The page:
New president to revive ties with US college and others to improve American University's offerings and bring students back from Dubai.
Emirati takes over helm at struggling university
RAS AL KHAIMAH // The president of the struggling American University of Ras Al Khaimah (Aurak) has been replaced with a respected Emirati academic.
Dr Shaukat Mirza was relieved of his position, and left the country last week after just over a year in the job. He took over in June of last year from Dr Sharon Siverts.
Dr Mirza has been replaced by Prof Hassan Hamdan Al Alkim, formerly of UAE University, who has been given the task of reinventing the institution.
For now, Prof Al Alkim will juggle that role with his position as head of the Economic Department of the RAK Government. But that is a challenge he relishes.
"It's a very exciting opportunity," he said on his appointment in August.
Dr Mirza, who was seconded from the RAK Medical and Health Sciences University, is now home in India.
He said yesterday he was unaware of any specific incident that had triggered his dismissal.
Sheikh Saud bin Saqr, Ruler of RAK, has ordered a board of academics to compile standards to make the education system in RAK more uniform and creditable.
Dr Natasha Ridge, the head of research at the Sheikh Saud bin Saqr Al Qasimi Foundation for Policy Research, said Prof Alkim was a welcome addition to RAK's educational landscape, which is largely populated by unregulated free-zone universities.
"It'll be a big difference for Aurak having an Emirati," Dr Ridge said. "He really does care and is trying to build relationships with US universities, increase enrolment and raise funds, so that it's a more sustainable institution in the long term. It's a positive step."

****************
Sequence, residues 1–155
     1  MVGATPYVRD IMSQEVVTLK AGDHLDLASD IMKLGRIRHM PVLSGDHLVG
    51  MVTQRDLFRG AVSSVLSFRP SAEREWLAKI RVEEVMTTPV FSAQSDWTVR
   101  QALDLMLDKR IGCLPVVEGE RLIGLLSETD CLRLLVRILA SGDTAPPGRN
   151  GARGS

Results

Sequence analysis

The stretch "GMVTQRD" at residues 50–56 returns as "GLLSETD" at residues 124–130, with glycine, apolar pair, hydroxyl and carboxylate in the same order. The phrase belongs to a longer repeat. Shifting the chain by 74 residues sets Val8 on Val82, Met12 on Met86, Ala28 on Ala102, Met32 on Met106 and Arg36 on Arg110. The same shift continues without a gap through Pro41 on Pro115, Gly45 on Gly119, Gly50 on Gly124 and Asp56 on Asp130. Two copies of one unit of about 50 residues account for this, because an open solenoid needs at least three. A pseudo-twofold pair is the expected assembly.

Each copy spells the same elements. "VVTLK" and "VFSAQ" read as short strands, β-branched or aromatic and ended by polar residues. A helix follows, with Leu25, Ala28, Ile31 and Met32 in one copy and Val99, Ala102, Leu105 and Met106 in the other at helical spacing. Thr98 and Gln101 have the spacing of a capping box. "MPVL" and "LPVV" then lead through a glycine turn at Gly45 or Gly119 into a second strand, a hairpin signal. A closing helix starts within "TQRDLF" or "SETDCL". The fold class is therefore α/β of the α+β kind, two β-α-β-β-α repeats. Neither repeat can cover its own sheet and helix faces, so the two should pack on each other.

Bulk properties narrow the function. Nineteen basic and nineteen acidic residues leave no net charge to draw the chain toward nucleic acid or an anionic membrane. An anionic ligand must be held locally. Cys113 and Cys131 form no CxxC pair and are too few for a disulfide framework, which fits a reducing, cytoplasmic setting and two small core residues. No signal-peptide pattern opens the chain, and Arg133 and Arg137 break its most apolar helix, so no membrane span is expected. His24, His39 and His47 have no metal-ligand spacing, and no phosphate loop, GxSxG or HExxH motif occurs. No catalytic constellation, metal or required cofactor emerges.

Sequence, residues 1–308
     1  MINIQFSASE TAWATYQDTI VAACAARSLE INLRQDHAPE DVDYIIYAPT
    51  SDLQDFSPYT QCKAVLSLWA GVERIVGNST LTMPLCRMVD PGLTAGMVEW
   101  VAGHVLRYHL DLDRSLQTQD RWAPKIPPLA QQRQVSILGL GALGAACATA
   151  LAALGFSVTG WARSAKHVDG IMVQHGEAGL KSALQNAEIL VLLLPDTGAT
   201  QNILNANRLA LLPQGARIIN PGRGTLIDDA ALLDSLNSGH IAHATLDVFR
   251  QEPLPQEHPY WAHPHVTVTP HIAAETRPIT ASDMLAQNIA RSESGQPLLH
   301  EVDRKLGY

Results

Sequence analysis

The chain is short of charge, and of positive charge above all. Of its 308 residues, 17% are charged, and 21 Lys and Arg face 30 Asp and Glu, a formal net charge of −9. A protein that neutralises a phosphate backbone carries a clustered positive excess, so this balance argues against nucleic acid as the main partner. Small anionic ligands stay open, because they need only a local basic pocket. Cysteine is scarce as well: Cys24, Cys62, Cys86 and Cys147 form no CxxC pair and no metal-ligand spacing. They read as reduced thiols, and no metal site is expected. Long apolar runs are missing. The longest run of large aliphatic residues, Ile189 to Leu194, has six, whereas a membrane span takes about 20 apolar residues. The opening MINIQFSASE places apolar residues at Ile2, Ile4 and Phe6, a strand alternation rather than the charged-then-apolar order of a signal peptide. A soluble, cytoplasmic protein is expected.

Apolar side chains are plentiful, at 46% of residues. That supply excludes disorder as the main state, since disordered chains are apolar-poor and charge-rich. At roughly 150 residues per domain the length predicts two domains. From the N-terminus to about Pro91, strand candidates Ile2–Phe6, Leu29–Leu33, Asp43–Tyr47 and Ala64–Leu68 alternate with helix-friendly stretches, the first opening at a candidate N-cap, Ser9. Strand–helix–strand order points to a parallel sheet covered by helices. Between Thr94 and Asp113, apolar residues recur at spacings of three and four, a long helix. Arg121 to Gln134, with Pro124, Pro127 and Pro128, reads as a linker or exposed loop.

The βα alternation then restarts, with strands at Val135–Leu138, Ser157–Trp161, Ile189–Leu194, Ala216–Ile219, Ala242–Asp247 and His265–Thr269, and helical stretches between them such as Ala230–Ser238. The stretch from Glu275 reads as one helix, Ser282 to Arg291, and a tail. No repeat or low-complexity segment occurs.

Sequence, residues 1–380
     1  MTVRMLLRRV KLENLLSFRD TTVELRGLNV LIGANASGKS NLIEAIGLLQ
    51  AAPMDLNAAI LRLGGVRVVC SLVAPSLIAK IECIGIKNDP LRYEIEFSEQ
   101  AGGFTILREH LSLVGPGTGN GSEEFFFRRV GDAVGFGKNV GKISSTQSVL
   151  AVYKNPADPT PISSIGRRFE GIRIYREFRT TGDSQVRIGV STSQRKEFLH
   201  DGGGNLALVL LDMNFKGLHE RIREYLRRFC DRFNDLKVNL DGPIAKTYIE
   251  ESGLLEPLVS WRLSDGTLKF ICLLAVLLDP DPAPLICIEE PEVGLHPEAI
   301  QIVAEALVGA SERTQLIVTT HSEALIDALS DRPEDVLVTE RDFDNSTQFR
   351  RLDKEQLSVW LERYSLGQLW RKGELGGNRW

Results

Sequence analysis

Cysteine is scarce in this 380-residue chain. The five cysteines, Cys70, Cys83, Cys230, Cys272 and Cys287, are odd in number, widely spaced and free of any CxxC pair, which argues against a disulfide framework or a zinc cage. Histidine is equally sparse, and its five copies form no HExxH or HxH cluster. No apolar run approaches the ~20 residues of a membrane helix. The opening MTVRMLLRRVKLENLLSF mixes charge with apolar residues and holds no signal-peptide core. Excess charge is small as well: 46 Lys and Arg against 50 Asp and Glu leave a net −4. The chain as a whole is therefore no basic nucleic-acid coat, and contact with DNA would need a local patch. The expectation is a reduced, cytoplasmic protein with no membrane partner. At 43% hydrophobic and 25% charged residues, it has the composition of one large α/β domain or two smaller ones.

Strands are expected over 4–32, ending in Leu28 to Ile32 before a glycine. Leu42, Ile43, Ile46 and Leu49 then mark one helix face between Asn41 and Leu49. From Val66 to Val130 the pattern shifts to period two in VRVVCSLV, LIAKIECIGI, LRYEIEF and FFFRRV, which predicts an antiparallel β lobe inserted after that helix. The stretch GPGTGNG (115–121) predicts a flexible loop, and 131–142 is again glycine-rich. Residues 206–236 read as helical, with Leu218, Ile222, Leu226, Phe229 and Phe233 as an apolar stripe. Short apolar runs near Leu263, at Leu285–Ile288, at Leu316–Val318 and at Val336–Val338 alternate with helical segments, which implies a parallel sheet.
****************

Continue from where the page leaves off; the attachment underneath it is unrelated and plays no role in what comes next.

The university's short life has been far from easy. Set up as a branch campus of George Mason University in the US, it was forced to close in 2009 after only three years because of a lack of funding.
In June last year, about three quarters of Aurak's staff, including its directors, were made redundant, leaving students and remaining staff uncertain of their future.
Inspectors from the Commission for Academic Accreditation, part of the Ministry of Higher Education and Scientific Research, visited the university to monitor the situation several times after the dismissals.
Prof Ian Cumbus, who heads the commission, said he no longer had concerns.
"We are not involved in these decisions but nothing has changed from our point of view," he said.
Prof Al Alkim plans to revive the connection with George Mason University, using it and other institutions such as California and Arizona state universities as benchmarks to improve the university's standards and offerings, academically and socially.
He will also look to UAE University, where he was a professor of political science, and its system of grading and attendance monitors.
"We are also doing a comprehensive analysis of our faculty's salary scales," Prof Al Alkim said. "We'd like to close the gap so we can attract high-level academics."
The next step will be to hire a provost, who will be charged with setting up new undergraduate degrees in civil engineering, English translation and accounting. In time, Prof Al Alkim hopes to offer master's degrees.
RAK's private universities still struggle to attract students. Aurak has fewer than 200, with many more drawn to Dubai's 53 institutions and diverse social life.
Next door, the branch campus of the UK's University of Bolton also has about 200.
The emirate's biggest provider of higher education remains the federal Higher Colleges of Technology, which has 2,000 Emirati students - 1,400 women and 600 men.
Prof Al Alkim admits recruitment is a big challenge.
"We are present at the university fairs reaching out to students and are going to upgrade the campus," he said.
"We will be adding facilities like sports facilities and even looking to open a new campus on Emirates Road in time, too, to make this a more appealing place for students."